# Thread: help! I lost 1 cent_C++ beginning

1. ## help! I lost 1 cent_C++ beginning

I need to write a program that interacts between cash register and machine. As she inputs total price and payment, the machine will calculate money return in dollars, quaters, dimes, nickles and cents.
After playing with coding, I regconize I lose 1 cent in some situation. I think converting from "int" -->"double" then return back to "int" in my sourcecode cause this problem, but I can't find the way to fix. Please check my sourcecode and provide me a good solution.
Code:
```#include <iostream.h>
#include "textlib.h"
#include <iomanip.h>

int main()
{

//Variable declaration
double payment, totalprice, exchange;
int dollars, quarters, dimes, nickles, pennies, coinChange;

// Input from cash register
cout << "Enter total price and your payment: ";
cin >> totalprice >> payment;

//Calucate the exchange
exchange = payment - totalprice;

//Determine the money return in dollars, quaters, nickels and pennies
dollars = int(exchange);

coinChange =int((exchange - dollars) *100);

quarters = coinChange / 25;
coinChange %= 25;

dimes = coinChange / 10;
coinChange %= 10;

nickles = coinChange / 5;

pennies = coinChange % 5;

//Output detail transaction

cout << "Purchase total:"<< setreal (20,2) << totalprice << endl;
cout << "Payment       :"<< setreal (20,2) << payment << endl;
cout << "Change        :"<< setreal (20,2) << exchange << endl;
cout << "Dollars       :"<< setw(20) << dollars << endl;
cout << "Quarters      :"<< setw(20) << quarters << endl;
cout << "Dimes         :"<< setw(20) << dimes << endl;
cout << "Nickles       :"<< setw(20) << nickles << endl;
cout << "Pennies       :"<< setw(20) << pennies << endl;

return 0;
}```

2. Other than not being familiar with the setreal manipulator you use to format the output, I don't see a problem with your code. The way I'd try to track down the problem is to insert cout statements after each value is determined in addition to at the end (ya, I know it's overkill, but sometimes I'll pick up something that way). Then I'd run a number of trials keeping track of expected output and observed output looking for a pattern. Then I'd evaluate the cause for the pattern. Maybe it's a rounding error someplace, maybe it's a bug in your compiler. If you can narrow it down, that might help someone help you figure it out.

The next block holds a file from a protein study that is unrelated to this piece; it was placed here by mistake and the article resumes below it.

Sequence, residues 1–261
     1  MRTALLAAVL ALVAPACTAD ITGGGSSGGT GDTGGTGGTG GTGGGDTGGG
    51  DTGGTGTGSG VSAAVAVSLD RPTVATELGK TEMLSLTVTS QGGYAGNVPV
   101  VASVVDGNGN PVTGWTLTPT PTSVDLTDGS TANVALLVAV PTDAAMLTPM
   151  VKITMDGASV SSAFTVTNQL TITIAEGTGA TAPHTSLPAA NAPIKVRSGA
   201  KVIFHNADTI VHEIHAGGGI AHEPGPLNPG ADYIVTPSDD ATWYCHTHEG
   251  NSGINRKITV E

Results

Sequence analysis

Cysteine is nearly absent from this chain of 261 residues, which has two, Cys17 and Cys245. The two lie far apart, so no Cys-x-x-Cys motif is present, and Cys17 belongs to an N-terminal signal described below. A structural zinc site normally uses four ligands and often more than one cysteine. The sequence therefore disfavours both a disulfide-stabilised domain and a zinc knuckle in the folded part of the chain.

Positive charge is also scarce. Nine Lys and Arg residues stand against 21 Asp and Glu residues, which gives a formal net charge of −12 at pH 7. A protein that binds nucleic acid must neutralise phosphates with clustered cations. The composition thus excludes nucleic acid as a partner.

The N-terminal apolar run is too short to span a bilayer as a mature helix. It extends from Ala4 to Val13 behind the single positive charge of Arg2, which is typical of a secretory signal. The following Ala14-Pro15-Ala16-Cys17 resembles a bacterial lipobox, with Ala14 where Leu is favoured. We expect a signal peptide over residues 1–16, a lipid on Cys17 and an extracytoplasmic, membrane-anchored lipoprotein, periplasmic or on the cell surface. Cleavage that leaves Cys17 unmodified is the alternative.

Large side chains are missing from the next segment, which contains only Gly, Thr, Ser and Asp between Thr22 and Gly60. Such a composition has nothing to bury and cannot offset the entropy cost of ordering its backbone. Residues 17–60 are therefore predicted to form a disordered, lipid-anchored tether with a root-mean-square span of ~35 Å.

3. Other than not being familiar with the setreal manipulator you use to format the output, I don't see a problem with your code
setreal(), which takes 2 arguments "w" (width) and "p" (position), works similarly to setw() but much more power by defining how many significants after ".". For example, the input is real number 8.3243242, then setreal(20,2) will output 8.32 and setw(20).
I tracked down the value "coinChange" like yours. As I said "I think converting from "int" -->"double" then return back to "int" in my sourcecode cause this problem", precisely at this line
Code:
`coinChange =int((exchange - dollars) *100);`
I lost 1 cent.

Note: I tested with 2 possible ways in Visual C++ 5.0 and 6.0. I enterd total price and payment 3.08 and 10. The program works fine! but with 3.08 and 9.99 I lost 1 cent.

4. Floating point numbers can't represent all whole numbers precisely. One possible solution is to add .5 to your calculation before rounding:
Code:
`	coinChange =int((exchange - dollars) *100 + 0.5);`
Or another idea is instead of using doubles, read in the amounts as strings, then separate each into dollars and cents and store them as ints.

5. I remember this problem... yeah, using floats will lose you a penny here and there... it shouldn't happen all the time though... if your constantly over/under a penny, then something's wrong, but if it's just intermittent, don't worry about your code... this is how I would solve it:
Code:
```int Amount;
float Currency;

//take in currency
std::cin>>Currency;

//to help float innacuracy
amount=static_cast<int>(Currency*100);

//do math/other stuff here (don't forget your working in pennies now)

//then for output
currency=static_cast<float>(currency)/100.0;```

6. IEEE floats are (basically) constructed by summing up a series of up to 23 times 1/2^n. If 1/2^n fits into the number, bit number n is set. As you can see, numbers like 0.50, 0.75, 0.25 ... have an exact binnary representation (10000...(18 more "0") and 11000...(18 more...) and 01000 (18 you figure it...)), but a lot of other numbers don't have it (like an ordinary 0.8).

I'd suggest you read in a string and strip the dot before converting it into integer. That way you don't have to work with floats at all. Of course you are working with a value 100 times that of the user input, so you'd have to take care of that in your calculations. You will also need to make sure that the user won't enter something like 123.456 (3 numbers after dot)

7. I agree, store it as an integer number of pennies and use integer math, it makes the most sense.